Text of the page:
"Triple Cross adds a new wrinkle to the 9/11 debates and calls into question the veracity of the historical record the public has been forced to accept. Lance's reporting is bound to stir up debate about the integrity of the 9/11 Commission's investigation and the panel's lengthy final report on the terrorist attacks that claimed the lives of 2,973 Americans. Be forewarned, Triple Cross presents no conspiracy theory. It's a 489-page thriller. And it's all true. Lance, a five-time Emmy award-winning reporter and former ABC News correspondent, sticks closely to the facts. He provides readers with exhaustive footnotes and copies of some of the more crucial government documents he obtained to build a compelling case of the FBI's incompetence in reining in one of the most dangerous terrorists next to Osama bin Laden, who ended up playing a crucial role in 9/11. It should be noted as well that Lance steers clear of partisan politics: his book - unlike so many others that came before it - leans neither "right" nor "left."
Triple Cross covers 1981 through 2001 and tracks the rise of al-Qaeda, focusing heavily on former Egyptian army major and al-Qaeda operative Ali Mohamed, who successfully infiltrated the FBI. Perhaps the most intriguing part of Triple Cross is the appearance of Patrick Fitzgerald, the special prosecutor investigating the CIA leak case, who plays a leading role in Lance's book and is featured prominently on the dust jacket and in the subtitle: How bin Laden's Master Spy Penetrated the CIA, the Green Berets, and the FBI - And Why Patrick Fitzgerald Failed to Stop Him. In the 1990s, Fitzgerald was the Assistant United States Attorney for the Southern District of New York directing the FBI's elite bin Laden squad.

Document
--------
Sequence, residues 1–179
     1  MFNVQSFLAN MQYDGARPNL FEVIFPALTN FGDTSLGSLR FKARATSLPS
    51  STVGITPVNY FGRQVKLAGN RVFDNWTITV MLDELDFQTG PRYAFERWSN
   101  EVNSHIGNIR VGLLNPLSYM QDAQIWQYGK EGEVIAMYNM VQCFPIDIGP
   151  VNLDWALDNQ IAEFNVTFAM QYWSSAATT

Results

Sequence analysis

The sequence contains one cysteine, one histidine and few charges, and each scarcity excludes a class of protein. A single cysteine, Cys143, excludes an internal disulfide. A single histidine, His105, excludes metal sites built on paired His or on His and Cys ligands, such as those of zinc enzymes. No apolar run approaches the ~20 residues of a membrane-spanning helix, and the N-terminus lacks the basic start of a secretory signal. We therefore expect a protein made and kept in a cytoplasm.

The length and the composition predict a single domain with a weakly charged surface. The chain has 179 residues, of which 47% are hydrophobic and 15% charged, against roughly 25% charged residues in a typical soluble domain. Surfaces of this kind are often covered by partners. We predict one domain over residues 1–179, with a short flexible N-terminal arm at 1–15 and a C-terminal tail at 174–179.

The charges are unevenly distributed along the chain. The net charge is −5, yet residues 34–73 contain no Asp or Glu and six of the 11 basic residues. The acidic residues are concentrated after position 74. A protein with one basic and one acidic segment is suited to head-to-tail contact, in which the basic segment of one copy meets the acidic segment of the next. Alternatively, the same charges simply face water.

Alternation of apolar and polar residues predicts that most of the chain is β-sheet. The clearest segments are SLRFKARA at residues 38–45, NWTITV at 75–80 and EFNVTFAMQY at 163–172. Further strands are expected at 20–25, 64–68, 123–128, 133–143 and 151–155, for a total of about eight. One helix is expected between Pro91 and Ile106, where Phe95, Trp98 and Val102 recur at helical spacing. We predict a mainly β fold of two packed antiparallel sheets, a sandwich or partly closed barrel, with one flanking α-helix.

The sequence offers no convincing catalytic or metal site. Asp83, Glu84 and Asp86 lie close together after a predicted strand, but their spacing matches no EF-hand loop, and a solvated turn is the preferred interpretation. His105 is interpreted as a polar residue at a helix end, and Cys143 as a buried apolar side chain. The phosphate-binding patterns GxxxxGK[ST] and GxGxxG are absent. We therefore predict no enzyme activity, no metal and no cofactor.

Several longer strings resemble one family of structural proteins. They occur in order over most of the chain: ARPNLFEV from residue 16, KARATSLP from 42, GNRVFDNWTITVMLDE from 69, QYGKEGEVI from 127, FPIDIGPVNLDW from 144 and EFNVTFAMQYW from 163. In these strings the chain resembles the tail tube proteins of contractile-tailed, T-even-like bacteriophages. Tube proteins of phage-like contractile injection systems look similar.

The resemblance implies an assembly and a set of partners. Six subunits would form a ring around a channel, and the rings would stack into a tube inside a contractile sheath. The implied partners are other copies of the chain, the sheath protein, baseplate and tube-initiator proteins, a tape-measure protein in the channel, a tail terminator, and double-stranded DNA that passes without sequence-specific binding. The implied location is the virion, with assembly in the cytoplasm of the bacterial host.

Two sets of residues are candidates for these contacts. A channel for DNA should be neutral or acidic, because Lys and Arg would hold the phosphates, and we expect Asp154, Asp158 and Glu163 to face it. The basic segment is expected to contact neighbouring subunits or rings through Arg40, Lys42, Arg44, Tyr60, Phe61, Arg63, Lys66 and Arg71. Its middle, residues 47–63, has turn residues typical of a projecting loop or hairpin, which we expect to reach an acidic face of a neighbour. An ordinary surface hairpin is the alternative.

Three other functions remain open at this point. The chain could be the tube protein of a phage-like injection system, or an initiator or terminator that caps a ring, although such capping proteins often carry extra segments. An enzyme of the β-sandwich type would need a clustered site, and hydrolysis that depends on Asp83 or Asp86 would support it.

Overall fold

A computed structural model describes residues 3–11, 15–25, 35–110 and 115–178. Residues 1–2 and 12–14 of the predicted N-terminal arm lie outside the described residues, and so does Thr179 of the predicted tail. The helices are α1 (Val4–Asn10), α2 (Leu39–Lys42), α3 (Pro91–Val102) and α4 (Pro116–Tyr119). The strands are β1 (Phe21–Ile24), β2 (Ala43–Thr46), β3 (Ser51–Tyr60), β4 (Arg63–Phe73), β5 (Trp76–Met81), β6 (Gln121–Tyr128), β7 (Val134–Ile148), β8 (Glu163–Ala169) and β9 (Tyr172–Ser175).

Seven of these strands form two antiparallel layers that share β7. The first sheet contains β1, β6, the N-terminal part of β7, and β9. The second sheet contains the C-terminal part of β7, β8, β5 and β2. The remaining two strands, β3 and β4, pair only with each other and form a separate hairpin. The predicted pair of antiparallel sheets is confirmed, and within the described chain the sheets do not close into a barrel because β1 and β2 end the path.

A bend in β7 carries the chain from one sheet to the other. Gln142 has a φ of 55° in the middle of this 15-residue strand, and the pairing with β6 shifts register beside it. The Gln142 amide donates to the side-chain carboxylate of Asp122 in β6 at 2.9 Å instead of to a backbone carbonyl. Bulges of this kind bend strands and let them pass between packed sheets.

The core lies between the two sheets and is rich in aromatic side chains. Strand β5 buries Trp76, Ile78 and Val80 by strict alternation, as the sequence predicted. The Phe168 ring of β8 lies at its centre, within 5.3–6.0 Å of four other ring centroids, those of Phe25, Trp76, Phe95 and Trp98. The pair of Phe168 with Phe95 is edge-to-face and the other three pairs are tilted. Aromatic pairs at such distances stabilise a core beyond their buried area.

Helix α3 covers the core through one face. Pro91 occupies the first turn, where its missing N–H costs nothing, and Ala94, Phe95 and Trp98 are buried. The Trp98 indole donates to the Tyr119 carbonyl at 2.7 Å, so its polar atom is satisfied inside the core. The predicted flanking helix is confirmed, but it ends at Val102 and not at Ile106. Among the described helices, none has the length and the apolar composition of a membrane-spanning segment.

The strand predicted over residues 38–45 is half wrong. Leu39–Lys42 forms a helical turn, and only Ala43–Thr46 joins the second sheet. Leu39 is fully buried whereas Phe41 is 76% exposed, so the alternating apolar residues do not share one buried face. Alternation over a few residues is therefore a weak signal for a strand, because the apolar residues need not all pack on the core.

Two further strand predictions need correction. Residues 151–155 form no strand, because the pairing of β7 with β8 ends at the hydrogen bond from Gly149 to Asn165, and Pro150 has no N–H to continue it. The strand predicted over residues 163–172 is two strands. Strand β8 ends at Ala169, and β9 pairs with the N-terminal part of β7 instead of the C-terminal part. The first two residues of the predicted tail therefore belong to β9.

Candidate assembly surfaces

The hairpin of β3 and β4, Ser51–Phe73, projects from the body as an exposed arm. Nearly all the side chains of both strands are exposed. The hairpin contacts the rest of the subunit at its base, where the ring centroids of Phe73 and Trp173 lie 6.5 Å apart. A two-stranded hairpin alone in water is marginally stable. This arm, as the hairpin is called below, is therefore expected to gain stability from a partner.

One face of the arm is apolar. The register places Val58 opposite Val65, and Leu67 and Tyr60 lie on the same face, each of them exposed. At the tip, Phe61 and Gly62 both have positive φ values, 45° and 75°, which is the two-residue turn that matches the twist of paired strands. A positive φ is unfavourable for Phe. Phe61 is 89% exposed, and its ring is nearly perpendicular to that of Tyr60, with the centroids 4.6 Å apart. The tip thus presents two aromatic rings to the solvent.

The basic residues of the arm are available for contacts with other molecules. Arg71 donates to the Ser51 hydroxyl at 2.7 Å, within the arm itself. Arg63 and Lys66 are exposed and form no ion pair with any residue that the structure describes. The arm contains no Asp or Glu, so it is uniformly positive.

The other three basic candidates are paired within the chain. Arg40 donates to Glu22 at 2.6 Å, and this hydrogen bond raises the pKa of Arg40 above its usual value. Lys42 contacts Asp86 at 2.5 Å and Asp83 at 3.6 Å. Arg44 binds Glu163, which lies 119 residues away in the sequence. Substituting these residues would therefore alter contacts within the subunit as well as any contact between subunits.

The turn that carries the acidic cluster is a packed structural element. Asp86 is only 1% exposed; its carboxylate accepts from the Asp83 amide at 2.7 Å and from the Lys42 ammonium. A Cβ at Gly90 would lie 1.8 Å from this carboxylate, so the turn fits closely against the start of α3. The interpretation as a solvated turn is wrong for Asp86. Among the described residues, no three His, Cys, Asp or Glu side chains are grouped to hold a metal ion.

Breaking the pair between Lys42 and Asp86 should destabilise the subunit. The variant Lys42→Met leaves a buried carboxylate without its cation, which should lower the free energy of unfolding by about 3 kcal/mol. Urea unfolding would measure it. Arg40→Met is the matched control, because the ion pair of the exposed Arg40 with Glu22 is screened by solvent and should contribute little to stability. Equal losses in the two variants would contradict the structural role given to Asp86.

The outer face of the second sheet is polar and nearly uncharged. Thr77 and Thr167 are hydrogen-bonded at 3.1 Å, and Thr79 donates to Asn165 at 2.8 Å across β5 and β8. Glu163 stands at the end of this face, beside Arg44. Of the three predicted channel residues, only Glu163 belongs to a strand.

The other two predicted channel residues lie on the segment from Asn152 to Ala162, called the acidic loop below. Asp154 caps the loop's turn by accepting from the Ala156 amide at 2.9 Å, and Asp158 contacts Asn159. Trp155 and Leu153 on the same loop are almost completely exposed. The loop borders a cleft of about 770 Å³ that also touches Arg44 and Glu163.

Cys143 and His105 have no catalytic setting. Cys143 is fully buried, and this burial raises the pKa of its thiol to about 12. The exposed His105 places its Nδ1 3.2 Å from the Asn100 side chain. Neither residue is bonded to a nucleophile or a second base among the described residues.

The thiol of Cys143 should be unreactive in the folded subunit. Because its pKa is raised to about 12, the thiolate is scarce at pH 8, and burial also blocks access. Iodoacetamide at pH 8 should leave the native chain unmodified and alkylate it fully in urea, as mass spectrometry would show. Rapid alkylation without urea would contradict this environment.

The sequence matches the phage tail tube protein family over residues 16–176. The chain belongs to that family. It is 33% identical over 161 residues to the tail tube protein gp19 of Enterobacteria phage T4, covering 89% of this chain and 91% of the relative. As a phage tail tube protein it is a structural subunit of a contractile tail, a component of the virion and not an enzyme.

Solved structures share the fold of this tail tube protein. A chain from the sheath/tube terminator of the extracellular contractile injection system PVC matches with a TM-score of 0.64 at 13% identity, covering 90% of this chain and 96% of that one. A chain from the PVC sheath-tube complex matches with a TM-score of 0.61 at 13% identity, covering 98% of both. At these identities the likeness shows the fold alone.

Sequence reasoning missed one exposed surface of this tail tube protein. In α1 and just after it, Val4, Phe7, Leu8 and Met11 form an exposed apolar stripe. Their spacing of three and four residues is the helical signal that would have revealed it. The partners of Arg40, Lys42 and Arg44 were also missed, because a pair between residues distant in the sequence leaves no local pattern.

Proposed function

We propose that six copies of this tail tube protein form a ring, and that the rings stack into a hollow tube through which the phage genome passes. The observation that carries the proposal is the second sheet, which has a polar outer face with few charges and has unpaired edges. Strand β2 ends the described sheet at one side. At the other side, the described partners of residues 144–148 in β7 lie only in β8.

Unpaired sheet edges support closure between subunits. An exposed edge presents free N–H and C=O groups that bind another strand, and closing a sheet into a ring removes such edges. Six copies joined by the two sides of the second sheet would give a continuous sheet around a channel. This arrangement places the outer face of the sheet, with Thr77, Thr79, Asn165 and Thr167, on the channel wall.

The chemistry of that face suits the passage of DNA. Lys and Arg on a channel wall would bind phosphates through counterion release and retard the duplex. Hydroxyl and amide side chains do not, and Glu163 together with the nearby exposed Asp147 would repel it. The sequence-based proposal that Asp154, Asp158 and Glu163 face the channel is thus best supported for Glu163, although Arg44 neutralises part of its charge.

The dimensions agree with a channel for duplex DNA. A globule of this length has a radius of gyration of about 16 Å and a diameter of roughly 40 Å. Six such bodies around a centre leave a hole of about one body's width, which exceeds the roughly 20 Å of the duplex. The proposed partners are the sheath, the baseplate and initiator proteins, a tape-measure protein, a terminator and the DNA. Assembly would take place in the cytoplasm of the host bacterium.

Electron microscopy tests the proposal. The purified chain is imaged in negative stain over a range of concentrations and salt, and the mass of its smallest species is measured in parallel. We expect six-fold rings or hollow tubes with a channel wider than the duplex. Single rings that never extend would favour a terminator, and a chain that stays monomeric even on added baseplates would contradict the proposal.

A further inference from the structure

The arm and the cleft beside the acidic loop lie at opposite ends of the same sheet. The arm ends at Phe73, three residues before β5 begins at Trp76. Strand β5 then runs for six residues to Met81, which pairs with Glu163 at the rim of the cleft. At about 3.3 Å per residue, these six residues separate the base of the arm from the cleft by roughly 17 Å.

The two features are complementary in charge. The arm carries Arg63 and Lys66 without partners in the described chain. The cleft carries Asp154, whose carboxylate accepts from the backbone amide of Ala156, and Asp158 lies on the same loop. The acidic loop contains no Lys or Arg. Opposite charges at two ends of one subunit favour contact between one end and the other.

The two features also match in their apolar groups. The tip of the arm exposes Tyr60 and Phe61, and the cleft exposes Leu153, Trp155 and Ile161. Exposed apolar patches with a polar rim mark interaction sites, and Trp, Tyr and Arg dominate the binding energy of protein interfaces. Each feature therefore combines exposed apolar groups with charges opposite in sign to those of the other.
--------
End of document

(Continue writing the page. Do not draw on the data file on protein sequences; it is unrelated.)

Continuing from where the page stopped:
Still in his early 30s, Fitzgerald made some costly blunders early on that might have changed the course of history if more attention had been paid to detail. Indeed, in 1991, the FBI discovered that a mailbox store in New Jersey had direct ties to al-Qaeda but failed to monitor the location. Yet four years later, Fitzgerald named the owner of the store as an unindicted co-conspirator in the Day of Terror case he was prosecuting. However, since no charges were filed against the owner, the store continued to stay in business and once again fell beneath the Justice Department's radar. Six years later, two of the 9/11 hijackers obtained their phony identification cards from that very store.
Lance presents convincing evidence in the form of court records, transcripts, and interviews with key players that casts Fitzgerald, along with numerous other Justice Department and CIA officials, as terribly negligent in allowing the agencies to be hoodwinked by Mohamed, who succeeded in penetrating the CIA's Europe division and the FBI in California, all while Mohamed was secretly helping bin Laden orchestrate the African Embassy bombings. The story of Mohamed, a man Fitzgerald called the "most dangerous man I have ever met," is groundbreaking and has never been fully fleshed out before.
Triple Cross would end up being a highly entertaining Tom Clancy-esque thriller, in other words, pure fiction, if Lance didn't have tens of thousands of pages of documents locked up in a safe-house to back up this explosive account. Remarkably, Mohamed was never sentenced for the crimes he pleaded guilty to. He is in the witness protection program, his existence shrouded under a veil of secrecy."
Monday, November 20, 2006
Jason Leopold reviews Peter Lance's Triple Cross
* Jason Leopold reviews Peter Lance's Triple Cross (thnx Prissy):
Posted by lukery at 11/20/2006 10:23:00 AM